The aid policy process of a 'humane internationalist': the Danish example
Why is the aid budget of Denmark increasing at a time when the welfare state in the developed world is under attack and when most OECD-countries cut their aid budgets? Using concepts from political science, this paper seeks to contribute to the debate on aid motivations and thus on the determinants of foreign aid. Examining the aid policy process of a small state-a 'humane internationalist'-the striking feature of Danish aid policy is the community based on shared values and self-interest among the most important participants in the Danish aid policy process who form a relatively closed 'policy community'. © 1998 John Wiley & Sons, Ltd.
To our knowledge, this item is not available for
download. To find whether it is available, there are three
1. Check below under "Related research" whether another version of this item is available online.
2. Check on the provider's web page whether it is in fact available.
3. Perform a search for a similarly titled item that would be available.
Volume (Year): 10 (1998)
Issue (Month): 5 ()
|Contact details of provider:|| Web page: http://www3.interscience.wiley.com/journal/5102/home|
References listed on IDEAS
Please report citation or reference errors to , or , if you are the registered author of the cited work, log in to your RePEc Author Service profile, click on "citations" and make appropriate adjustments.:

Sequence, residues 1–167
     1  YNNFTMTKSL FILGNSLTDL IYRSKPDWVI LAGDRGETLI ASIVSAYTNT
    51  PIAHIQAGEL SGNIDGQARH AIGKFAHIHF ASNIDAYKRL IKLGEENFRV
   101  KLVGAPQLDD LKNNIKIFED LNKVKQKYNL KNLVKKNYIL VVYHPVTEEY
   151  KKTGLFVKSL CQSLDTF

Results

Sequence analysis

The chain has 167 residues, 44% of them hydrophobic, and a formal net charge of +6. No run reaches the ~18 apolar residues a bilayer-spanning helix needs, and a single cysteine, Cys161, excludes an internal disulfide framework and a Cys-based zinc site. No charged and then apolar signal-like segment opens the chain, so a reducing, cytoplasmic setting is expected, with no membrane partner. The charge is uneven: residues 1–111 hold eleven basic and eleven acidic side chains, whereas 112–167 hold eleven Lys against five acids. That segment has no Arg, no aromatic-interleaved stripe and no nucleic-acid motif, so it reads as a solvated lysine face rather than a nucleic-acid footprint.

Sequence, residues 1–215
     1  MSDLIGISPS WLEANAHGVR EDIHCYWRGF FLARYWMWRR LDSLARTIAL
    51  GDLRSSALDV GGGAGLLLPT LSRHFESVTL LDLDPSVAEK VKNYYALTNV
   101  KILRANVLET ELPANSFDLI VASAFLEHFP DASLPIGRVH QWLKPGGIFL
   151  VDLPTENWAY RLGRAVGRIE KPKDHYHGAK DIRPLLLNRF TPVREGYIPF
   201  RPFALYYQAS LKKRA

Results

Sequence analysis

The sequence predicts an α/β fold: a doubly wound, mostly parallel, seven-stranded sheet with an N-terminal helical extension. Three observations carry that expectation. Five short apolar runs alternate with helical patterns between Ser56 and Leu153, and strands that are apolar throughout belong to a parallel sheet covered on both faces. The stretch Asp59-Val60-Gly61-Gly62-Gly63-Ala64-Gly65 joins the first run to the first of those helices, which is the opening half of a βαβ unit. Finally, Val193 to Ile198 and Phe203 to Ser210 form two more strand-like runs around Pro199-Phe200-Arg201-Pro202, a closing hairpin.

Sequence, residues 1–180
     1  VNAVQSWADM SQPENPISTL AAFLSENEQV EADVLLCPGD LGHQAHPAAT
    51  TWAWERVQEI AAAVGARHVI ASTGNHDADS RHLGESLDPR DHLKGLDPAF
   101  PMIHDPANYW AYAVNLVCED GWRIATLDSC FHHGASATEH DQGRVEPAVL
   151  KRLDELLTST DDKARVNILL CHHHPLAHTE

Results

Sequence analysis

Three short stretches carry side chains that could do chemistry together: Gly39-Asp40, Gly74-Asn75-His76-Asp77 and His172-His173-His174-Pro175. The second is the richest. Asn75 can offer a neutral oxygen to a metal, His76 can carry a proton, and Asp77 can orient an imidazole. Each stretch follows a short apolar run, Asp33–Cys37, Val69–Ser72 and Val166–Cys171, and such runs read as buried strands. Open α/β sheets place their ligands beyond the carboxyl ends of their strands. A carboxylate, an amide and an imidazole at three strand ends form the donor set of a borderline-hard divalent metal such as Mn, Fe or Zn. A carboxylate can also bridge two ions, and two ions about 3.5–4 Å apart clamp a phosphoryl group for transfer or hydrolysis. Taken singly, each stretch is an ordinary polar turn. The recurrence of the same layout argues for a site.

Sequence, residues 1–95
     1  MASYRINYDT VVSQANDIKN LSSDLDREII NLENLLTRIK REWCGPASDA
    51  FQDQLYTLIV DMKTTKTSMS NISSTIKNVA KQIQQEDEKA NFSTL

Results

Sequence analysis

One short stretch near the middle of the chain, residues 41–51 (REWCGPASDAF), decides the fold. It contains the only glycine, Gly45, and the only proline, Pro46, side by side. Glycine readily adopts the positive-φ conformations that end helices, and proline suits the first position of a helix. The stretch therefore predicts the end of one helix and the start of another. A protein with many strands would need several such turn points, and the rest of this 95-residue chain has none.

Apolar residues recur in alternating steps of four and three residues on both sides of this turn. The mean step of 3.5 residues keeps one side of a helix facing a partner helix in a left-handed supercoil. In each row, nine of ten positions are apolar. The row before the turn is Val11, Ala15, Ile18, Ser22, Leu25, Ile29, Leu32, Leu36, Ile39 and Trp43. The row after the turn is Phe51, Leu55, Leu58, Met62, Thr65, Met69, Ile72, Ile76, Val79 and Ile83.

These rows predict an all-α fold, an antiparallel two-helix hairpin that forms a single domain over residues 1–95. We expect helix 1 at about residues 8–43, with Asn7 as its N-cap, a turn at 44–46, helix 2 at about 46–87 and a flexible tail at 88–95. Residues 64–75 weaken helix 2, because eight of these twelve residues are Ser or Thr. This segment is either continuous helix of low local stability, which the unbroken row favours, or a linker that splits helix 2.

- Noël, Alain & Thérien, Jean-Philippe, 1995. "From domestic to international justice: the welfare state and foreign aid," International Organization, Cambridge University Press, vol. 49(03), pages 523-553, June.
- McGillivray, M. & White, H., 1993. "Explanatory studies of aid allocation among developing countries : a critical survey," ISS Working Papers - General Series 18942, International Institute of Social Studies of Erasmus University Rotterdam (ISS), The Hague.
- Mosley, Paul, 1985. "The Political Economy of Foreign Aid: A Model of the Market for a Public Good," Economic Development and Cultural Change, University of Chicago Press, vol. 33(2), pages 373-393, January.
- E. Roy Weintraub, 1992. "Introduction," History of Political Economy, Duke University Press, vol. 24(5), pages 3-12, Supplemen.
When requesting a correction, please mention this item's handle: RePEc:wly:jintdv:v:10:y:1998:i:5:p:607-619. See general information about how to correct material in RePEc.
For technical questions regarding this item, or to correct its authors, title, abstract, bibliographic or download information, contact: (Wiley-Blackwell Digital Licensing)or (Christopher F. Baum)
If you have authored this item and are not yet registered with RePEc, we encourage you to do it here. This allows to link your profile to this item. It also allows you to accept potential citations to this item that we are uncertain about.
If references are entirely missing, you can add them using this form.
If the full references list an item that is present in RePEc, but the system did not link to it, you can help with this form.
If you know of missing items citing this one, you can help us creating those links by adding the relevant references in the same way as above, for each refering item. If you are a registered author of this item, you may also want to check the "citations" tab in your profile, as there may be some citations waiting for confirmation.
Please note that corrections may take a couple of weeks to filter through the various RePEc services.